To shortcut the flights from Europe to California (USA) by some thousand kilometers, the airline SAS (Scandinavian Airline System) opened new routes over the North Pole in the Ninteen-Fifties. All crews on these flights had to take part in a special training at the "SAS's Arctic Flight School". The swiss watch manufacturerer Universal Genève provided the crews with automatic precision wrist-watches that are resistent against the strong magnetic field of the polar region. They became the offical chronometers of SAS.  

SAS logo with the national flags of Danmark, Norway and Sweden

SAS' Douglas DC 6-B "Leif Viking"
  On the 15th November 1954 at 19:18 local time the "Helge Viking" (OY-KMI) took off in Copenhagen for the first commercial flight over the North Pole (flight number SK 931). Final destination was Los Angeles (USA). The plane was a Douglas DC-6 B with a wing span of 35.8 m equipped with four 2500 hp Pratt & Whitney propeller engines (18-cylinder twin row radial piston). The maximum cruising speed of this aircraft is 507 km/h. The range is 7600 km with a service ceiling of 25,000 ft. The long-range aircrafts used by SAS had a capacity of 50 to 75 passengers.

Capt. Povl Jensen and his crew, incl. the chief pilot and the chief navigator of SAS, flew via Söndre Strömsfjord (Greenland) to Winnipeg (Canada) where a scheduled crew-change took place. Above the Canadian tundra they met the sister plane "Leif Viking" (LN-LMP) that was on its way from Los Angeles to Copenhagen on the same route. From Winnipeg Capt. Mikal Aschim and his crew continued the flight to Los Angeles, where they arrived on the 16th November at 22:20 (with a delay of just 3 minutes). The total travelling time was 27 h 15 min and the time airborne was 24 h 25 min. On board of the plane were the three Prime Ministers of the Scandinavian countries: Hans Hedtoft (Danmark), Tage Erlander (Sweden) and Oscar Torp (Norway) as well as a group of prominent journalists.The inauguration of the polar route was the biggest single aviation event in Scandinavia. In Copenhagen more than 10.000 spectators joined the ceremony for the departing plane and, roughly 24 hours later, the ceremonial welcome greeting for the arriving plane.


Arrival in Copenhagen on
16th November 1954
Click to read article
German newspaper of 16th/17th November 1954 with a first article "live" from the inaugural polar flight of SAS
  Following this exploit, Universal Genève introduced a watch with the name "Polarouter" in fall 1954. It was created and designed by one of the most admired watchmakers of the 20th century, Gerald Genta. He later created the "Royal Oak" for Audemars Piguet and the "Nautilus" for Patek Philippe. The Polarouter was, like the models worn by the SAS crews, supplied with the automatic calibre 138 SS with a pendular mass oscillating between two shock absorber. Very soon the watch was renamed to "Polerouter" and then fitted with the famous calibre 215 "Microtor" with a rotating mass incorporated in the movement. Several other Polerouter models followed over the next twelve years. In addition to the classic case with "Bombe" lugs and an inner index ring (Polerouter, Polerouter de luxe, Polerouter Date) new models with different casing-design and dials have been introduced (Polerouter Jet, Polerouter Super, Polerouter Genève, Polerouter Compact, Polerourer "NS", Polerouter III, Polerouter Sub).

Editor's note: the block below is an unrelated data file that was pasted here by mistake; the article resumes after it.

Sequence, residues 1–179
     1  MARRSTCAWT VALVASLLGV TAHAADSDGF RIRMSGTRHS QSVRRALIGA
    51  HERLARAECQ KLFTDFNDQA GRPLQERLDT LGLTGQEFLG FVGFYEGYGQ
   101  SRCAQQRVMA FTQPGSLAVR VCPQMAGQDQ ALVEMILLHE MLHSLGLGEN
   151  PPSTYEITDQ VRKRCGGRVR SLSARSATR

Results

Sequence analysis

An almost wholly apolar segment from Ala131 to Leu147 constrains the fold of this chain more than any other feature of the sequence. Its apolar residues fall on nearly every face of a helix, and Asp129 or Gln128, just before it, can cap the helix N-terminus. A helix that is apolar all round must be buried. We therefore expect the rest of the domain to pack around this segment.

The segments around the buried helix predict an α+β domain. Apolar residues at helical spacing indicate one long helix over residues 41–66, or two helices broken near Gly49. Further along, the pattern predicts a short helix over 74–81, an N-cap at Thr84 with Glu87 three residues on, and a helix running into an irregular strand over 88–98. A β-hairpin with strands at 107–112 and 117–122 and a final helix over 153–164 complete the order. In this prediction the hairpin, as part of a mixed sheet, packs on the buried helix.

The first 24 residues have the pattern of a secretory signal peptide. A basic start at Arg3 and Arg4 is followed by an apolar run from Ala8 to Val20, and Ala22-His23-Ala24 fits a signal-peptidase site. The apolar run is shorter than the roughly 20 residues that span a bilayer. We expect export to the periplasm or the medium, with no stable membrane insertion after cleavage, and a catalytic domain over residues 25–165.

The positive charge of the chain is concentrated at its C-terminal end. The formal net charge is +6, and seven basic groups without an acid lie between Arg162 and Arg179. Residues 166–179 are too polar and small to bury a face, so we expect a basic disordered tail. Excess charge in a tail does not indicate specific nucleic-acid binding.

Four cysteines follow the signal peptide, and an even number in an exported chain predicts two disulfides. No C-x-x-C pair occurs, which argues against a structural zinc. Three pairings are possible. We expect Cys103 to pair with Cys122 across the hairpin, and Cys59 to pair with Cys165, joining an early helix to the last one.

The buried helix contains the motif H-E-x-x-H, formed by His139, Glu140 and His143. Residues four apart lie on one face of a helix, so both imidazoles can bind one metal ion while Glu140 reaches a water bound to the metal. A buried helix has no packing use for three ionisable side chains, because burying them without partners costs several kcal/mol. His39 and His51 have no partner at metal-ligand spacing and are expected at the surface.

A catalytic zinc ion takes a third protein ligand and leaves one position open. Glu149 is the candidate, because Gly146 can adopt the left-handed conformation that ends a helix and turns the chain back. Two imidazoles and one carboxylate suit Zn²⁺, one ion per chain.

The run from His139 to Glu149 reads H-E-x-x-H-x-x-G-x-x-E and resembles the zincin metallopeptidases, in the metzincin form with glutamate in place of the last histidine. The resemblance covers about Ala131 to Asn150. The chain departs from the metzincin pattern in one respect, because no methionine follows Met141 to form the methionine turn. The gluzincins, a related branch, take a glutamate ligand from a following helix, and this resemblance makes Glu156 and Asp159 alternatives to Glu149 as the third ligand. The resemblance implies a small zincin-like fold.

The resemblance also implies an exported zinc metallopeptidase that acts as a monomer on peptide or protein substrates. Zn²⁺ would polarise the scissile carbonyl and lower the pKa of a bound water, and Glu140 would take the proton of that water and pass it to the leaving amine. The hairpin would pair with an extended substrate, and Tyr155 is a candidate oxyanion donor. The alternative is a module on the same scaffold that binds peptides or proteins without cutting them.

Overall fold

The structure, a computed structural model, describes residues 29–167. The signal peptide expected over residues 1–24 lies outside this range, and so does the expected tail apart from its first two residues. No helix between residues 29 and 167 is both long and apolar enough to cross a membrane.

In the 1950's and 60's Universal Genève was the official "timer" on all Royal Viking flights of SAS. This fact was advertised by both parties. The symbolic globe with a flag at the North Pole and the sketched polar-route (see last figure of this page) was modified by Universal Genève an engraved in the steel backs of every "classical" Microtor-Polerouter. In addition the versions delivered to the SAS-Crews were decorated with the SAS logo printed on the dial. Most Polerouter models were available in steel, 18 k yellow and pink gold or with 300 µm gold cap; always provided with a screwed back. A Polerouter had always the status of a high-quality luxurious watch. In the late 1950's a steel Polerouter costs as much as a Rolex Explorer. A Polerouter Date in 18 k gold with a gold bracelet had nearly the same price as a Volkswagen Beetle. After the introduction of the Polerouter Electric in 1963, at the end of the 1980's an unsuccessful attempt was made to revive the name Polerouter with a tasteless Quartz watch. In 1990 a Quartz Polerouter Sport Chrono was introduced. Since then, Universal Genève had not produce watches under the label Polerouter any more.

Microtor model presented at the Bale Fair in 1958
German SAS timetable
of 1957

In 1957 SAS inaugurated the transpolar service Copenhagen-Anchorage-Tokyo with the new Boeing DC-7 C. The flying time was reduced from 52 to 32 hours. By tying together the southern route and the polar route, SAS had earned the right to put "First over the pole and around the world" over the door on its DC-7 C's. But a new era was coming closer - the jet age. Very quickly the new jets like the SE-210 Caravelle and the Douglas DC-8-33 replaced the older propeller machines.

Founded in 1946, today SAS is one of the most sucessful European airline with an average of approx. 1,000 flights per day. In 1997 SAS became a founding member of world-wide Star-Alliance network. The present the fleet consists of 152 jet aircrafts (Airbus 340, Boeing 767, 737 and McDonell-Douglas MD81/82/83, MD 87, MD 90-30 and DC 9) as well as 31 propeller aircrafts (Fokker 50, Saab 2000 and deHavilland Q 400). Polar flights became the daily routine of the flight schedule and atomic controlled Quartz watches have replaced the mechanical masterpieces long time ago.


SAS advertisement published in the German news magazin "Spiegel" two days after the inagural flight

Polerouter advertisement published
in the German SAS timetable of 1957